PEARL - PEARL-based applications


GeoPEARL is a spatially-distributed model, calculating the leaching potential of a substance for the area of potential use. Currently, GeoPEARL is used in the second tier of the decision tree for evaluating the leaching potential of pesticides in the Netherlands. The spatial criterion in the new decision tree states that the long-term average concentration of a pesticide or its relevant metabolites should not exceed the EU drinking-water limit of 0.1 µg/L for at least 90% of the surface area where the pesticide is potentially
GeoPEARL runs for 6405 unique combinations of basic model inputs (soil type, climate district, land-use type, groundwater depth class etc.). Grid cells that share the same unique combination of parameters are referred to as 'plots'. During the creation of the spatial schematisation, results from a regional-scale hydrological model were used. In this way, it is possible to quantify fluxes and residence times of chemicals in the saturated zone. Also, it is possible to quantify the fluxes into local surface waters.


Simulation of the increase of sorption in time is one of the options in higher tiers of pesticide regulatory leaching assessments in the EU to obtain more realistic leaching estimates. PEARL assumes a Freundlich two-site sorption submodel to describe non-equilibrium sorption: one site for equilibrium sorption and the second site for long-term sorption kinetics (non-equilibrium sorption). The operational definition for the equilibrium sorption sites is that they have reached equilibrium after about 24 h shaking of a well-stirred suspension of the soil in water. The long-term sorption sites do not reach equilibrium within 24 h. PEARL assumes first order degradation kinetics for the molecules present in liquid phase and sorbed to the equilibrium site. However, molecules sorbed on the kinetic site are assumed not to degrade.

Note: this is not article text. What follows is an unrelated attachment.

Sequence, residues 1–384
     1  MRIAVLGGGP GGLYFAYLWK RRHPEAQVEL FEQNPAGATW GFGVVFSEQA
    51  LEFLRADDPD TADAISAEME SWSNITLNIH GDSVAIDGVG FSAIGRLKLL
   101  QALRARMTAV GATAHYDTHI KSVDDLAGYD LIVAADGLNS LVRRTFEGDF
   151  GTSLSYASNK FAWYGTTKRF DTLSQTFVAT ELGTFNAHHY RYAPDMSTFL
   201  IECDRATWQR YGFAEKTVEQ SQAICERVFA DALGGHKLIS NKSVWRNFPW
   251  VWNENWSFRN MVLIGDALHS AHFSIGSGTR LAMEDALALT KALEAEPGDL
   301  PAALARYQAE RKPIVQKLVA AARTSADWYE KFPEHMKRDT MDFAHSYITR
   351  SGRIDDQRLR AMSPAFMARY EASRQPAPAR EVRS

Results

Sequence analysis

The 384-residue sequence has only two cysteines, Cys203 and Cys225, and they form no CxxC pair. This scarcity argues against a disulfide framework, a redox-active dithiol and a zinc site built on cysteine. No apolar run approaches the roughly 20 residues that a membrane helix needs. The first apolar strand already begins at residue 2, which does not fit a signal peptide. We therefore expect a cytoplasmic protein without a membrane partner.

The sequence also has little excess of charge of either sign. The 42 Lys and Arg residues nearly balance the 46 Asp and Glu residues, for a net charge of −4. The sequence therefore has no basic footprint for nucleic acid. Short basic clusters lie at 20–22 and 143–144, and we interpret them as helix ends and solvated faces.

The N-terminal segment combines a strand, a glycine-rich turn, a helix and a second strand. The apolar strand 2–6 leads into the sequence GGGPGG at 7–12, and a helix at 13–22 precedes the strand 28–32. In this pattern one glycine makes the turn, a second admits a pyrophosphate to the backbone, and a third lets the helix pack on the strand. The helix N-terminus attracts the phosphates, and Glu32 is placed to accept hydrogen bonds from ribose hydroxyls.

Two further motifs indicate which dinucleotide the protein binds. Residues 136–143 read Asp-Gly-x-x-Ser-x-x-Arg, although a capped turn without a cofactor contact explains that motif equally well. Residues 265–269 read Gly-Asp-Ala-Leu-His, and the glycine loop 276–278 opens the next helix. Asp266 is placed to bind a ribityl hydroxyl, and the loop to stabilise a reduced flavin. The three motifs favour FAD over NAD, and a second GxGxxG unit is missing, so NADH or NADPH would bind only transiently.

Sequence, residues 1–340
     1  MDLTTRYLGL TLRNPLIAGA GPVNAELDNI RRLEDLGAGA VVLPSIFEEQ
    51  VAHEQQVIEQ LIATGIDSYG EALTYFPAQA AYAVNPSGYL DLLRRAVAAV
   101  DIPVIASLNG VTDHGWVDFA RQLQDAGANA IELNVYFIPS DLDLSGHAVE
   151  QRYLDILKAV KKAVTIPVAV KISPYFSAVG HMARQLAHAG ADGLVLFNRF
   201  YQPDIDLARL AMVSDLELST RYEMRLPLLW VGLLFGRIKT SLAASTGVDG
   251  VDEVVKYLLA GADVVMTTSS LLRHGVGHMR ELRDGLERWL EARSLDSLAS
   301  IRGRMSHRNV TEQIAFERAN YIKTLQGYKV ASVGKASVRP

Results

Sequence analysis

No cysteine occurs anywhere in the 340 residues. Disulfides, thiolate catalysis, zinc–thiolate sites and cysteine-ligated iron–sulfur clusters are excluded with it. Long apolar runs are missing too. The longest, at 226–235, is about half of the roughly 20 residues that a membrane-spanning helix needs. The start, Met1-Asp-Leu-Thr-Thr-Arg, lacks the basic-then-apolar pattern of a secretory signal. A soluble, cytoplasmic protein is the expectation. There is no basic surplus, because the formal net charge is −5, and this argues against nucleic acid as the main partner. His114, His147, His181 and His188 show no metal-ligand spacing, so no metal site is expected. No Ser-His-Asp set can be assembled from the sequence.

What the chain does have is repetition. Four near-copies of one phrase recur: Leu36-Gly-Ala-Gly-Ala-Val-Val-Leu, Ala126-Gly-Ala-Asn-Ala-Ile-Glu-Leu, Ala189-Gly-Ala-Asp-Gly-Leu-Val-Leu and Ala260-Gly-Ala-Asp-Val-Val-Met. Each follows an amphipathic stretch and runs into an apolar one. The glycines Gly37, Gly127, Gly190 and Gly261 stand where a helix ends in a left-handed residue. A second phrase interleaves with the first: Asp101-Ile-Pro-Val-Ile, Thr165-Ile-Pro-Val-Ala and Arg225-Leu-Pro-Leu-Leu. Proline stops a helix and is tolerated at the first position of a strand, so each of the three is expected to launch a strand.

Conceptual representation of the PEARLNEQ model. The rectangle on the right is the liquid phase and the two squares on the left are the two types of sorption sites.

An important consequence is that the transformation half-life, which usually refers to the total mass content, should be obtained in a special procedure. Also estimates of the other non-equilibrium sorption parameters are needed. They can be with inverse modelling techniques and using long-term sorption experiments. For this purpose the PEARLNEQ software is developed. It contains the same two-site model as implemented in the PEARL model and the optimisation package PEST (Doherty, 2005) is incorporated in PEARLNEQ.
The PEARLNEQ software can be used to obtain the half-life at reference temperature, the equilibrium sorption coefficient, the desorption rate coefficient, and the non-equilibrium sorption coefficient in the case of sorption/desorption kinetics. If the incubation experiment has been carried out at multiple temperatures, the molar activation energy can be optimized simultaneously. More than one data set (i.e. up to nine replicate sets) can be used in the optimisation process. An option is offered to define the transformation half-live on the basis of the concept that the transformation rate is proportional to the amount of substance in the liquid phase.